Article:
Another example: My local farmer's market is on a main shopping street, and some of the purveyors use a Square reader to process credit and debit transactions. But a butcher whose iPhones are on the Sprint network can't get a reliable signal at or near his stall, so his farmer's market staff have taken to walking customers to the street with the butcher's iPhone and Square reader to process the transactions. Lucky for him, chances are small the phone will get ripped off, and the phone and its reader can be moved to where the signal is. If you're driving down a highway or wiring in an alarm system, you don't have those options.
We of course have long put up with this nonsense on our smartphones, which in the United States can be legally locked to a specific carrier, although the feds have begun rethinking that issue. Cellullar tablets, hotpots, and cellular PCs have the same tie-ups, which may explain why they sell poorly. For businesses with employees in multiple locations, the carrier tie-up can be a huge problem, and it's one advantage of the BYOD phenomenon, since employees tend to buy devices they know will work where they live, travel, and work. But many companies -- delivery firms and field support, for example -- that use specialized equipment don't have such flexibility.
Yes, service providers such as DataXoom offer multicarrier service to businesses, so you can have a mix of devices under one data plan, but the smartphones themselves are tied to a specific carrier. For iPads, it's unclear: DataXoom tells me Apple says the devices are "configured" for a specific network, but won't commit to them working with a different carrier's SIM. Some bloggers say they've been able to swap SIMs in iPads without incident, though I should note that the Sprint model uses different radio frequencies than the other models because Sprint works with unique LTE frequencies. The carriers' use of different frequencies can in effect lock a device to that carrier as well, because the device's radio supports only that carrier's spectrum range. (Making multicarrier radios is hard, so the practice is limited to pricier devices.)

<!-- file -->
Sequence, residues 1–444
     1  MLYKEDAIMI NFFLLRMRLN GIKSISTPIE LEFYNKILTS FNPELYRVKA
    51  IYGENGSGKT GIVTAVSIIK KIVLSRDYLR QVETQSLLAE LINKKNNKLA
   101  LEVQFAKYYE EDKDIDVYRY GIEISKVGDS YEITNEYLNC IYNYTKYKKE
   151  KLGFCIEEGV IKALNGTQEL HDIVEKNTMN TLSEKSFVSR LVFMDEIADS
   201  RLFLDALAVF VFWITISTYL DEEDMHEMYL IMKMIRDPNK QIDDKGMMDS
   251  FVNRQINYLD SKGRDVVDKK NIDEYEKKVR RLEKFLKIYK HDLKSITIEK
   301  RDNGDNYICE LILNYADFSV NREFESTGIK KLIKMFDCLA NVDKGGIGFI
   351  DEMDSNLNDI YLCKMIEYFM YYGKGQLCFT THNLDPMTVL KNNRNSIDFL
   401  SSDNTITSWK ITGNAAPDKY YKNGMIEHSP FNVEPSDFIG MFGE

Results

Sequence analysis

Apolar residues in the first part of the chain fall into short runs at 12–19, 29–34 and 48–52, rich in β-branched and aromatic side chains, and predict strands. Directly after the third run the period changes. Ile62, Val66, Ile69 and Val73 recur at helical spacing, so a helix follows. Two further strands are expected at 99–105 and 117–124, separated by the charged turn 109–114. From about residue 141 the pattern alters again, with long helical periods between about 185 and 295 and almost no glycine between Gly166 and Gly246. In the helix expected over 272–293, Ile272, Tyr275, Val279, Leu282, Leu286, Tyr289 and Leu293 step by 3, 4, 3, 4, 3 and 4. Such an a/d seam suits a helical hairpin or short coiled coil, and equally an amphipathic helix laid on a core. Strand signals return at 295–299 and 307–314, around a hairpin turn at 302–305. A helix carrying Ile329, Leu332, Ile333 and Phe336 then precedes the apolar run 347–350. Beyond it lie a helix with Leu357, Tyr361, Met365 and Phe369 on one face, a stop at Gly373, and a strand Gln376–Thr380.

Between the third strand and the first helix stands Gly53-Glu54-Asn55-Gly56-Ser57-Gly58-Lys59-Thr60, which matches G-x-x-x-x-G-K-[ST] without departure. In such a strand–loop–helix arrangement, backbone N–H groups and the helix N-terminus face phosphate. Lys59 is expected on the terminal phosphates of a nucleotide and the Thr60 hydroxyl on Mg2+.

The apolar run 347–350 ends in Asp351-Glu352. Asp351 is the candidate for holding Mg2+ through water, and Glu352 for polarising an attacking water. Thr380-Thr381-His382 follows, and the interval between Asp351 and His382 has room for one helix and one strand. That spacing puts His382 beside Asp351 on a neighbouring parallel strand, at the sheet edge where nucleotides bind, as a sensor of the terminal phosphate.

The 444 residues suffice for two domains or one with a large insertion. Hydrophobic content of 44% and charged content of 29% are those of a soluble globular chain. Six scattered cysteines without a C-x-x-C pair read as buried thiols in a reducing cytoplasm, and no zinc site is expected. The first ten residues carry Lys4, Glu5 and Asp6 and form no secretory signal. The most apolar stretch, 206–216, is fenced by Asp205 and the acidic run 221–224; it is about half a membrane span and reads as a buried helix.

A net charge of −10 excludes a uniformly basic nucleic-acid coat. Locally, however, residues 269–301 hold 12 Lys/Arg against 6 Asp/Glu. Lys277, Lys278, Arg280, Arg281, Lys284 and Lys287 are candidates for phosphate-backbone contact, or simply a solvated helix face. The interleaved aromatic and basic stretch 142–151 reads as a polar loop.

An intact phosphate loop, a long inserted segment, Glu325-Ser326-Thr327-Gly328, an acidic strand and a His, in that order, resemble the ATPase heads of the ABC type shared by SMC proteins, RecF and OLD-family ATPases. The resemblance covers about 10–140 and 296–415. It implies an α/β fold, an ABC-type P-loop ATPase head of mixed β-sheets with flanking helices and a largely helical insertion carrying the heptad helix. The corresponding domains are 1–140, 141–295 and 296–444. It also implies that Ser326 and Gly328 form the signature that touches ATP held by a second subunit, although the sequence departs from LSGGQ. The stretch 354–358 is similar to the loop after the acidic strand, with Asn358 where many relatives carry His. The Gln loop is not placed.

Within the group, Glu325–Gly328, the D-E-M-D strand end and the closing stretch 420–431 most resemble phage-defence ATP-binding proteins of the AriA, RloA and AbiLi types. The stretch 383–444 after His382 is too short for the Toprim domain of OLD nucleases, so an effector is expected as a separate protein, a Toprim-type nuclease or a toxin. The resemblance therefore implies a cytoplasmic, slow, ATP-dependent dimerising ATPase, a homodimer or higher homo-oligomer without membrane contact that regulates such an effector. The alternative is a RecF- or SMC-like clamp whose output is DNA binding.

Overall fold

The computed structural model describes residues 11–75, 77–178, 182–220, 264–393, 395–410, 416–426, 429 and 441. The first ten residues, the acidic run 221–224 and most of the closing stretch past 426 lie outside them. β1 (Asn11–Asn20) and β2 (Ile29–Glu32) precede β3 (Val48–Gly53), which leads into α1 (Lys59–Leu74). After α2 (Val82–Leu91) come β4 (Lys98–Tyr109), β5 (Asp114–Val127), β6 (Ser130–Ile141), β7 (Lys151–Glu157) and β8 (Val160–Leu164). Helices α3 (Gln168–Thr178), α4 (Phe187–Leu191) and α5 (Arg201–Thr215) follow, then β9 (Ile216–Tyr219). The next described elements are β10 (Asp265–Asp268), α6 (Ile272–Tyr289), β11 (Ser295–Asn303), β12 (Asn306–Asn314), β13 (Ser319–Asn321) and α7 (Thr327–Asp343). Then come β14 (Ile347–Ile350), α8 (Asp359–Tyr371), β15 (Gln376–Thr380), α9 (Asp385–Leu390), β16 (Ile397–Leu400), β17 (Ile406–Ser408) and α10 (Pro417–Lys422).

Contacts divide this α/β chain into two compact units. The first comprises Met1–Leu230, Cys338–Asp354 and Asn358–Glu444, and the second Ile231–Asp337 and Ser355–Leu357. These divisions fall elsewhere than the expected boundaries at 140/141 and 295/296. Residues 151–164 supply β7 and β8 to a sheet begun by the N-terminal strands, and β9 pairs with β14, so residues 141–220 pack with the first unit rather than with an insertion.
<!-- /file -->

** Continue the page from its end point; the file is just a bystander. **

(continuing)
Other devices supported by DataXoom, such as some Lenovo laptops that use Qualcomm's Gobi radio chips, aren't tied to a specifi carrier, and need just a SIM swap to change the cellular network they work on. That's how it should work for all devices and certainly for all embedded systems (that is, Internet of things devices): The SIM and/or radio module should be field-replaceable.
But such freedom to swap networks works against each carrier's own self-interest, so we'll continue to see tie-ups such as that between Audi and AT&T. The only way to stop that unworkable fragmentation is to not buy anything tied to a specific carrier. We may have lost that battle for smartphones, but let's not lose it for everything else. If carriers manage to tie the Internet of things to their networks, the Internet of things simply won't work, and it will go the way of other badly executed ideas like the Web TV and Wi-Fi telephony.
This article, "How to ruin the Internet of things: Tie up with a carrier," was originally published at InfoWorld.com. Read more of Galen Gruman's Smart User blog. For the latest business technology news, follow InfoWorld.com on Twitter.